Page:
Dow Jones rises 669 points as trade war fears subside

Dow Jones rises 669 points as trade war fears subside

Troy Powers
March 28, 2018

The Nasdaq Composite Index shed 212 points to 7,009, a decline of 2.9%.

The Dow rose 669 points, or 2.8 percent, to 24,202. Nvidia fell more than any other stock in the S&P 500, tumbling $22.28, or 9.1 percent, to $222.20. Japan's Nikkei 225 Index surged up by 2.7 percent, while Hong Kong's Hang Seng Index advanced by 0.8 percent. The Russell 2000 index of smaller-company stocks picked up 12 points, or 0.9 per cent, to 1,522.

After initially moving notably higher, stocks gave back some ground in morning trading on Monday before moving back to the upside in the afternoon.

Another weak start later today for the ASX after Friday saw the second day of selling on financial and commodity markets (but not gold and oil) by anxious investors.

China also hit back on Trump's earlier aluminum and steel tariffs by imposing their own tariffs on about $3 billion worth of imports of United States goods, including pork, fruit and wine.

The "trade tiff" failed to dent the strong global economic outlook, Stovall said. That announcement followed a news report indicating that USA officials have submitted a list of market-opening requests.

A Treasury Department spokesperson declined to confirm the report. Trade war jitters were stoked last week when U.S. President Donald Trump announced plans to impose tariffs on up to $60 billion of Chinese products. It said American market-opening requests as a possible condition of a settlement covered the auto, finance and semiconductor industries.

Technology companies and banks, which took some of the biggest losses last week, were up the most.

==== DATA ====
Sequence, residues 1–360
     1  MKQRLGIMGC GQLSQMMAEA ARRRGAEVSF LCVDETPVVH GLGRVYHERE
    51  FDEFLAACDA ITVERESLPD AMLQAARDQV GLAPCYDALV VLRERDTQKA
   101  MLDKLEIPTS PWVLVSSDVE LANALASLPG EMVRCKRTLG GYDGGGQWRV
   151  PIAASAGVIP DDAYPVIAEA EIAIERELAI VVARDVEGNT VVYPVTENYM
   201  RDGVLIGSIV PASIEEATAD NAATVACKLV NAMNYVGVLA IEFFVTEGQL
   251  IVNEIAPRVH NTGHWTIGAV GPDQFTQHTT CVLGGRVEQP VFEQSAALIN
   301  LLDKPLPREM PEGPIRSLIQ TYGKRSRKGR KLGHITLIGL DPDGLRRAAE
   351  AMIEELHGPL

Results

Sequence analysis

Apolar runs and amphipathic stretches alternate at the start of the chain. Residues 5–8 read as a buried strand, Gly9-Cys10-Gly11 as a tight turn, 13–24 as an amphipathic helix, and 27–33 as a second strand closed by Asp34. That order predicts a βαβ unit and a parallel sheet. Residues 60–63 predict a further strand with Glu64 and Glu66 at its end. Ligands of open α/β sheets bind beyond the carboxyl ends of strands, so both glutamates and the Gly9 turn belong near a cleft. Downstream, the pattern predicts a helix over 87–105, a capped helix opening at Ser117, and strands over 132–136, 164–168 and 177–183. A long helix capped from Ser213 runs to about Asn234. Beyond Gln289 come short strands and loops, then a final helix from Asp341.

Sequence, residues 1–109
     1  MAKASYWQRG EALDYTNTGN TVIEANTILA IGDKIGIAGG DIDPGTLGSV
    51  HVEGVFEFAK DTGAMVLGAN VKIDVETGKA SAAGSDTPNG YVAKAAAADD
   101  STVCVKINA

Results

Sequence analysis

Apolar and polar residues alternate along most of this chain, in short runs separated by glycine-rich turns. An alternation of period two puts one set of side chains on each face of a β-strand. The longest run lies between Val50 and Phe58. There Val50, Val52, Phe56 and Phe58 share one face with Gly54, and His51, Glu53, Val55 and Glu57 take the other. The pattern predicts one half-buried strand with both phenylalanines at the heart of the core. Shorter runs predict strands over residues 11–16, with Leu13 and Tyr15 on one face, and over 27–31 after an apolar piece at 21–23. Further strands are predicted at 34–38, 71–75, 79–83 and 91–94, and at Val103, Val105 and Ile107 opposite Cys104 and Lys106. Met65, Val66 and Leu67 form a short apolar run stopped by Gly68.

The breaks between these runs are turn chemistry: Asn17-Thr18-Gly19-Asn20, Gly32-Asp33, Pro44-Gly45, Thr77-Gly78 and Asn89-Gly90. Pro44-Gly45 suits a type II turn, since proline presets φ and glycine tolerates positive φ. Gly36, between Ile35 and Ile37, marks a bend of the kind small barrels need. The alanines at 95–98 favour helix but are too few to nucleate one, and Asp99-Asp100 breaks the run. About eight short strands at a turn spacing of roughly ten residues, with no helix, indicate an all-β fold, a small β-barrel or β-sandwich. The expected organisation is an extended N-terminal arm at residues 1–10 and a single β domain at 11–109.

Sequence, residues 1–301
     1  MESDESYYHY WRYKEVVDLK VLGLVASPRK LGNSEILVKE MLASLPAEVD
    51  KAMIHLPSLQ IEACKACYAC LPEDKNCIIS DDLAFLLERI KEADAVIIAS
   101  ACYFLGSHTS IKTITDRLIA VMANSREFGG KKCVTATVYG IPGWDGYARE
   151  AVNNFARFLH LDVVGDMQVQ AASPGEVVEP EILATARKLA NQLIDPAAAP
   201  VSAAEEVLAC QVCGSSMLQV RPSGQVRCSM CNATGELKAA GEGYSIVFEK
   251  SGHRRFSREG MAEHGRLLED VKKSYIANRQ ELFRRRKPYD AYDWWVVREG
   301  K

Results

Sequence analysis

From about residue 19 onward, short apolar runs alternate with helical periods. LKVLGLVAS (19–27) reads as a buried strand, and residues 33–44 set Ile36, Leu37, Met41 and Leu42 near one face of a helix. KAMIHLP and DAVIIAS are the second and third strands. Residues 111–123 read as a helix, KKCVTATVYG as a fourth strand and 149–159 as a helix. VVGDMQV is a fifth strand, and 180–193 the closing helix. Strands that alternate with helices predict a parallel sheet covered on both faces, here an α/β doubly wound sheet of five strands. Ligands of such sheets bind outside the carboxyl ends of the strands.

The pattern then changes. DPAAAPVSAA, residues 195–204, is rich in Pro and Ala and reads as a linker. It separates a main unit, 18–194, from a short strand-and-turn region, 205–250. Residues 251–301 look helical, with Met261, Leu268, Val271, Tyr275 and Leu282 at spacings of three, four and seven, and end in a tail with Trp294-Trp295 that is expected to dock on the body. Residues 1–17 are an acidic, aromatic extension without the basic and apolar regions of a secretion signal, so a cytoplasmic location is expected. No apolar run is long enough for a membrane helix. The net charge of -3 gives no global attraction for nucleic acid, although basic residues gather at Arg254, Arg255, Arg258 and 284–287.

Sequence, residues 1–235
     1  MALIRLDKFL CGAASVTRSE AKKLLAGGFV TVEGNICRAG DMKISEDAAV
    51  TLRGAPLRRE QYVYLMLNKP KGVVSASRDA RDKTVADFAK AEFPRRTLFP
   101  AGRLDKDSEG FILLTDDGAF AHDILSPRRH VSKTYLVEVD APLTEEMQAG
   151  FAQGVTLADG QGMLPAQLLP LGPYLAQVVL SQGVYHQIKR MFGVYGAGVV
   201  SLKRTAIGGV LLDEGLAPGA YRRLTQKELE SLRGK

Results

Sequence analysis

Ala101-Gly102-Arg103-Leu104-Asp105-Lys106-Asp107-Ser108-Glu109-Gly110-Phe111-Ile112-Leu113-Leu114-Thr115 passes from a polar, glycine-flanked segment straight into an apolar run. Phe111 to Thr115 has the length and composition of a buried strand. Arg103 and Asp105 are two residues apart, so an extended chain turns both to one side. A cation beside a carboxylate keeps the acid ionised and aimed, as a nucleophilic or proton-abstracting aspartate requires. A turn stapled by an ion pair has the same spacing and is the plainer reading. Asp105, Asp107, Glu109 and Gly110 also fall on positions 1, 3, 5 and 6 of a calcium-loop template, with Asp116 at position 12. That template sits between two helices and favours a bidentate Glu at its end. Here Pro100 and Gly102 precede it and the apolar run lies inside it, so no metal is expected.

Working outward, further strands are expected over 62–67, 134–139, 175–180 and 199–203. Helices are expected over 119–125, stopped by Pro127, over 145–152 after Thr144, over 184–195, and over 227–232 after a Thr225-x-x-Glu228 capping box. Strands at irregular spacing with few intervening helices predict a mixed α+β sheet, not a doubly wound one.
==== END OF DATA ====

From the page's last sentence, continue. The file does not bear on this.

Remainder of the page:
Microsoft jumped 5.6 percent in midday trading and Bank of America rose 2.8 percent. Banks also posted solid gains as bond yields rose. However, at the start of the new week the tensions calmed and Dow Jones recovered most of the loses accumulated last days and return to growth. Natural gas added 3 cents to $2.62 per 1,000 cubic feet. AngloGold Ashanti (AU) rose 5.9% and Newmont Mining (NEM) gained 3.1%.

Ear-piercing, jewelry store giant Claire's files for bankruptcy
It also expects to add more than 4,000 stores in 2018, as Claire's continues to be one of the world's leading ear-piercing chains. It held $2.1 billion in debt at the end of 2017. "We will complete this process as a healthier, more profitable company".

JD Sports will pay $13.50 per share in cash for Finish Line, representing a 28 percent premium over Finish Line's closing price on Friday.

The cut comes as Facebook's fallout from the data scandal continues.

The Federal Trade Commission confirmed on Monday that it was investigating the social media giant's privacy practices, including whether the company engaged in "unfair acts" that cause "substantial injury" to consumers.

Technology companies recouped some of the sector's big losses last week.

Bond prices fell. The yield on the 10-year Treasury note rose to 2.84 percent.

The May crude contract closed at 65 dollars, 55 cents U-S per barrel, down 33 cents. Brent crude, used to price global oils, shed 33 cents to close at $70.12 in London.

CURRENCIES: The dollar rose to 105.20 yen from 104.82 yen on Friday. The euro strengthened to $1.2455 from $1.2367. In other energy futures trading, heating oil dropped 1 cent to $2.02 a gallon.

The British pound jumped 0.7 percent to $1.4232, the strongest since February 1.

"I don't see anything extraordinarily bearish in the market today".